Norwegian Prime Minister Jonas Gahr Støre was among those feeling relieved and optimistic at a unifying NATO summit in Madrid this week, not least after Sweden and Finland were cleared for NATO membership. He’s already invited leaders of all the Nordic countries to a summit of their own in Oslo later this summer, to further develop cooperation within defense and foreign policy.
“I feel a great sense of relief,” Støre told Norwegian media shortly after it became clear that Turkey had finally agreed to accept Finland and Sweden as members. Turkey had been the only hold-out among NATO’s 30 current members, all of which must agree on approving new members. Turkey, Finland and Sweden ironed out their differences over Kurdish issues, allowing the proposed NATO expansion to move forward.
NATO Secretary General Jens Stoltenberg, a former Norwegian prime minister himself, has been among those calling the NATO summit “historic.” Not only are the formerly neutral Sweden and Finland joining the alliance, NATO members are also moving forward with a major strengthening of NATO’s eastern flank. It comes in response to Russian President Vladimir Putin’s invasion of Ukraine in February that set off a new war in Europe.
News bureau NTB reported how Stoltenberg also thinks NATO will now go through its greatest “overhaul of our collective defense” since the end of the Cold War. In addition to Sweden and Finland now being formally invited to join the alliance, NATO members have agreed to place more troops and store more weapons in member countries in the east. Many NATO members share a border with Russia and feel a need for heightened defense after Putin showed how far he’s willing to go after challenging Ukraine’s sovereignty. Some former members of the old Moscow-based Soviet Union now worry that Putin may try to invade them as well.
More NATO forces will also be placed on a high level of preparedness and the alliance is forming a new “strategic concept,” which one Norwegian defense analyst calls NATO’s “most important political document.” Karsten Friis, senior researcher at the Norwegian foreign policy institute NUPI, told newspaper Dagsavisen this week that it “defines” how NATO views Russia, China and other major defense issues. It’s the first major revision of it in 12 years.
Stoltenberg, widely praised for his ability to enforce and boost cooperation among NATO members, claimed the summit is resulting in a “fundamental shift” that’s making the alliance more unified than ever. “It’s clear (to all NATO members) that if Putin wins now, it will represent a security threat for Ukraine and Europe in the years ahead,” Friis said. Ongoing security in Europe, he added, “utterly depends on the willingness of NATO members to send weapons to Urkaine.”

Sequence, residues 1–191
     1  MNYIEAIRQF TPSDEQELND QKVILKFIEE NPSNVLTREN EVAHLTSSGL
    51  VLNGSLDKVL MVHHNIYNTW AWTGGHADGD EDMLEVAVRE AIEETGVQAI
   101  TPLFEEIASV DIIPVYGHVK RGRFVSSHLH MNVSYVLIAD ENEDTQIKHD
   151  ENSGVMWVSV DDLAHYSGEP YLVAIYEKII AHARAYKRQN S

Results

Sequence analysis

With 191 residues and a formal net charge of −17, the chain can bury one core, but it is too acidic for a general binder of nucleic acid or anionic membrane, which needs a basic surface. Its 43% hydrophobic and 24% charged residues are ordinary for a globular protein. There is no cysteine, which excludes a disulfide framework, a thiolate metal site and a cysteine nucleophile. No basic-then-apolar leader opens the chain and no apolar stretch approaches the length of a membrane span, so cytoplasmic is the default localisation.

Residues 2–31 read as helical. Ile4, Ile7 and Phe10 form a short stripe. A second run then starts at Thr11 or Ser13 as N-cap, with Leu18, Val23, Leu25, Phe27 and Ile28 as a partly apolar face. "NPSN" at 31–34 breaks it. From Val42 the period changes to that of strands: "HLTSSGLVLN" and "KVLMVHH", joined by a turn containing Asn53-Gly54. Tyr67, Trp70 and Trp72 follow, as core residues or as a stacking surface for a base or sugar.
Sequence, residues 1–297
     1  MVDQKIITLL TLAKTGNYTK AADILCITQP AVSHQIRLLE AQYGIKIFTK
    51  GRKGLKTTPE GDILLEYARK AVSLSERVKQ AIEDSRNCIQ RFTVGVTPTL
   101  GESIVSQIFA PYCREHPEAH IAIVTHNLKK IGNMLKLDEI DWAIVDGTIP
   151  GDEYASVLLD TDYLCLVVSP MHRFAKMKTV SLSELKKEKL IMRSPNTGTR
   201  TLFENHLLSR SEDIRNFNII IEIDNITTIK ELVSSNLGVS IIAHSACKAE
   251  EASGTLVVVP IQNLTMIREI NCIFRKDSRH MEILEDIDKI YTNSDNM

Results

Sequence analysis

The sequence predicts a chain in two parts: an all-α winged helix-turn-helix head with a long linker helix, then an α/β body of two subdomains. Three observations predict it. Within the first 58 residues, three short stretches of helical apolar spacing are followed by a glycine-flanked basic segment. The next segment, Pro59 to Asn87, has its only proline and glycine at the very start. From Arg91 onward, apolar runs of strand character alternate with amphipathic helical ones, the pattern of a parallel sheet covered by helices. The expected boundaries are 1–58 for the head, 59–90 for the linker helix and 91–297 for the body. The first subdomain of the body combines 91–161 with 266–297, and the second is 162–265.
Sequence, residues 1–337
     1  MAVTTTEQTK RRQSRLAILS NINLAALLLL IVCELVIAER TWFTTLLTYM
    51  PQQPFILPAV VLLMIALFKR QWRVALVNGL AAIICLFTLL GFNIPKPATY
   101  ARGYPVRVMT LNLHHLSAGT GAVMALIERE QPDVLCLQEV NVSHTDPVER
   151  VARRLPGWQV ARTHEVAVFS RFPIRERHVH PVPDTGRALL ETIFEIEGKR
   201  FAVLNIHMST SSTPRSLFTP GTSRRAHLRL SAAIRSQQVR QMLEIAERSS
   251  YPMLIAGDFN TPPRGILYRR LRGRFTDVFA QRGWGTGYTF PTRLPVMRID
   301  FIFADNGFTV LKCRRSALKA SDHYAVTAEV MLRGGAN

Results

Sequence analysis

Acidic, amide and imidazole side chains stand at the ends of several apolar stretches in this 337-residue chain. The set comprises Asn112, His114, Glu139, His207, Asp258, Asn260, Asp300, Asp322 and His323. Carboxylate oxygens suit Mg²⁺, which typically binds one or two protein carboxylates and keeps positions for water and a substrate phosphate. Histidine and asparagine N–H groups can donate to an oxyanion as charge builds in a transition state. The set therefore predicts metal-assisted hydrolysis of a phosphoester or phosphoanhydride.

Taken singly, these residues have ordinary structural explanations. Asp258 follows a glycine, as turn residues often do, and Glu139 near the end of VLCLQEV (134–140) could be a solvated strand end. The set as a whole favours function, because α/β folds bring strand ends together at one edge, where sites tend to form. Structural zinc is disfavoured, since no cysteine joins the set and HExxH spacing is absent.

Sending more weapons to Ukraine
There was also agreement on that issue, with Norwegian Prime Minister Støre confirming that Norway and Great Britain are among those cooperating on sending long-range precision artillery (so-called MLRS) to Ukraine. Defense Minister Bjørn Arild Gram said the artillery has a range of up to 80 kilometers, and Norway is also donating 5,000 grenades to Ukraine.
“We must continue our support for Ukraine so that its people can continue their fight for freedom and independence,” Gram said. “More weapons are needed.” He described the weapons as being able to be fired with precision over long distances “and therefore represent a considerable contribution.”
Former Norwegian prime minister Erna Solberg was also among those hailing results coming out of the NATO summit in Madrid, especially the breakthrough that will bring Sweden and Finalnd into the alliance. “This is a very important day for Norway,” Solberg said. When Turkey removes its veto, “the road is cleared for Sweden and Finland,” Solberg told NTB.
Russia seemed to be responding with a hacker attack on Norway Wednesday morning, according to Norwegian authorities. Websites for both the state labour authority Arbeidstilsynet and BankID, which facilitates much of Norway’s online banking, were both experiencing operations difficulties.
Several other key Norwegian sites including the police, the foreign ministry and state welfare agency NAV were allegedly targeted by the Russian hacker group Killnet, which put out a statement announcing the equivalent of “Good morning Norway! All divisions to battle stations!” A photo of Foreign Minister Anniken Huitfeldt was altered to make her look like the evil Malificent in a Disney fairy tale and movie. Websites in NATO member Lithuania were also reportedly under cyber attack.